Gioele La Manno – Developer of the resource velocyto, which won the 2019 Bioinformatics Resource Innovation Award


Today, Gioele La Manno is a Group Leader at EPFL where he leads the Neurodevelopmental Systems Biology Group. His lab is mostly interested in the dynamics of nervous system development and heterogeneity of the redial-glia progenitor population. The La Manno Lab studies these biological processes using quantitative techniques and computational methods. To learn more about his research interests, have a look at his group’s webpage and follow @GioeleLaManno on Twitter.

Gioele was a PhD student in the group of Sten Linnarsson at the Karolinska Institute and one of the main developers behind the resource velocyto, which received the 2019 SIB Bioinformatics Resource Innovation Award. Velocyto estimates gene-specific transcriptional derivatives and visualizes single-cell RNA-seq (scRNA-seq) data.


About our interview series “Meet the past SIB Awards Laureates”

The SIB Bioinformatics Awards will be presented for the 11th time, providing a great occasion to reach out to past laureates and ask them where they are now in their career. In this interview, we met with Gioele La Manno, Developer of the resource velocyto, which won the 2019 Bioinformatics Resource Innovation Award.

At which point of your career were you when Stenn Linnarsson received the SIB Award for the velocyto resource? How did it feel? What was the key interest of your research at this time point?

It felt like a fantastic recognition for our work. I had just finished my PhD, and started as a Group Leader. The prize motivated me even more towards a "think-outside-of-the-box" way of working. After all, the tool we won the resource award for, was the fruit of a new intuition rather than a method of great mathematical depth. While I enjoy a lot the elegance of doing cool derivations, and I recognize the value of a user-friendly tool, trying crazy-sounding ideas is why I am in science.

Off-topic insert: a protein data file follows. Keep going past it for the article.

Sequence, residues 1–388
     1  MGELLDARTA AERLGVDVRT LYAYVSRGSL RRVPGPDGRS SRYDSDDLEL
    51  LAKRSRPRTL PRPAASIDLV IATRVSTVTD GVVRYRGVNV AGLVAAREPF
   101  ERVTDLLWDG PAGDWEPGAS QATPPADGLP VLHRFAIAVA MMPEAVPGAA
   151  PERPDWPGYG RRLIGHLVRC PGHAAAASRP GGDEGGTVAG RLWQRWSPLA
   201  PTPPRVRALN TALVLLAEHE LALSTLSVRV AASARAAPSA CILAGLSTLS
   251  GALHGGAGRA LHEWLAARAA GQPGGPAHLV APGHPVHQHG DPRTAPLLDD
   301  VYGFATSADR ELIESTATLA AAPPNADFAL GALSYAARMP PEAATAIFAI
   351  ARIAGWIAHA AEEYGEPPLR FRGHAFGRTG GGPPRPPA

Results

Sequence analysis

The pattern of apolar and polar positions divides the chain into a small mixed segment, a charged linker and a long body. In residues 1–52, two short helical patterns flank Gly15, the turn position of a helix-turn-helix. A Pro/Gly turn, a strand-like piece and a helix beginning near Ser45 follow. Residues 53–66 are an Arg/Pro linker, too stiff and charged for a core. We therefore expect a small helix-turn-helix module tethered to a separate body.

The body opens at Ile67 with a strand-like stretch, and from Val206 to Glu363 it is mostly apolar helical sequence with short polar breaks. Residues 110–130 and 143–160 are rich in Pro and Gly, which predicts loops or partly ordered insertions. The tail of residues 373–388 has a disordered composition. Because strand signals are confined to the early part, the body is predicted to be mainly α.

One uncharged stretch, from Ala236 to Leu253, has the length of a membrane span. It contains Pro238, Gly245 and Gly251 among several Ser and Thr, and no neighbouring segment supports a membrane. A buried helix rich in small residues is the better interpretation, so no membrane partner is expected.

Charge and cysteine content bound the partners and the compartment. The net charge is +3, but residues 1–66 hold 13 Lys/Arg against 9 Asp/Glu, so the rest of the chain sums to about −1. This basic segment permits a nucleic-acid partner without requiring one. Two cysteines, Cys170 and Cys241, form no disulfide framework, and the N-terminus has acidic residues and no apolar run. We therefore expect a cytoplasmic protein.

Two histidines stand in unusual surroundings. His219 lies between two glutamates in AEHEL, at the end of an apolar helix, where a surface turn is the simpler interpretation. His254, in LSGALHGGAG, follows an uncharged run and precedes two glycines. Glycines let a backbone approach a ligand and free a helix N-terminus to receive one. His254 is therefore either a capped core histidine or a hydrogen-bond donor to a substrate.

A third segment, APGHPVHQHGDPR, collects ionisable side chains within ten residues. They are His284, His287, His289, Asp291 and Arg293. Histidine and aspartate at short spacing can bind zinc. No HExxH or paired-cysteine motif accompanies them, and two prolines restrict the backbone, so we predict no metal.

How has the resource developed since then? Do you have an example of a study in which your resource was used?

We do not see RNA velocity as just “our” tool. Sure, we started it, but I think that the broader involvement of the bioinformatics community is really the most satisfying development I could hope for. Since the early release of velocyto, we have been trying to have an open conversation with other scientists interested in developing on what we started. Nowadays, tools like ScVelo, Alevin Velocity, Seurat have the same capabilities of velocyto, and can do even better. This kind of legacy is really the best recognition we could have gotten.

Indeed, thanks to the SIB prize, we will be able to start a series of international meetings focused on velocity-based methods. The plan is to include hackathons with tool-integration in mind and with the spirit to improve the different tools as a community effort. Unfortunately, for now, the pandemic has been holding us back, but we have exciting plans to organize this in the upcoming future.

In your personal opinion, what is the single most fascinating discovery made possible by bioinformatics?

Two results enabled by bioinformatics come to my mind and never stop impressing me. First, the understanding of evolution that we can achieve based on sequence analysis: looking at the sequences of homologous genes feels like staring directly at the workings of evolution. Second, the possibility to capture phenotypic variation between cells with a single-cell transcriptomics approach. The fact that a single experiment can reveal more about cytology than what you can read from any textbook, still amazes me!

What do you like to do in your free time?

At this stage of my career, there is not a lot of free time. I spend most of it with my wife, we enjoy the beauty of the Swiss mountains, but also love to take a break to travel to Sicily, where I was born, to enjoy the sea in the company of our family and friends.

Any words for the future generation of bioinformaticians?

The pervasiveness of sequencing-based approaches is opening up new possibilities: sequencing is nowadays used to measure indirectly biological variables that are not necessarily DNA-related or encoded. I would encourage bioinformaticians to team up with tech-dev experts to co-design indirect measurement strategies rooted on theory. I would also advise the new generation of machine learning-oriented bioinformaticians to approach problem formulation by focussing their parametrizations on biological principles rather than on performance and algorithmic improvement.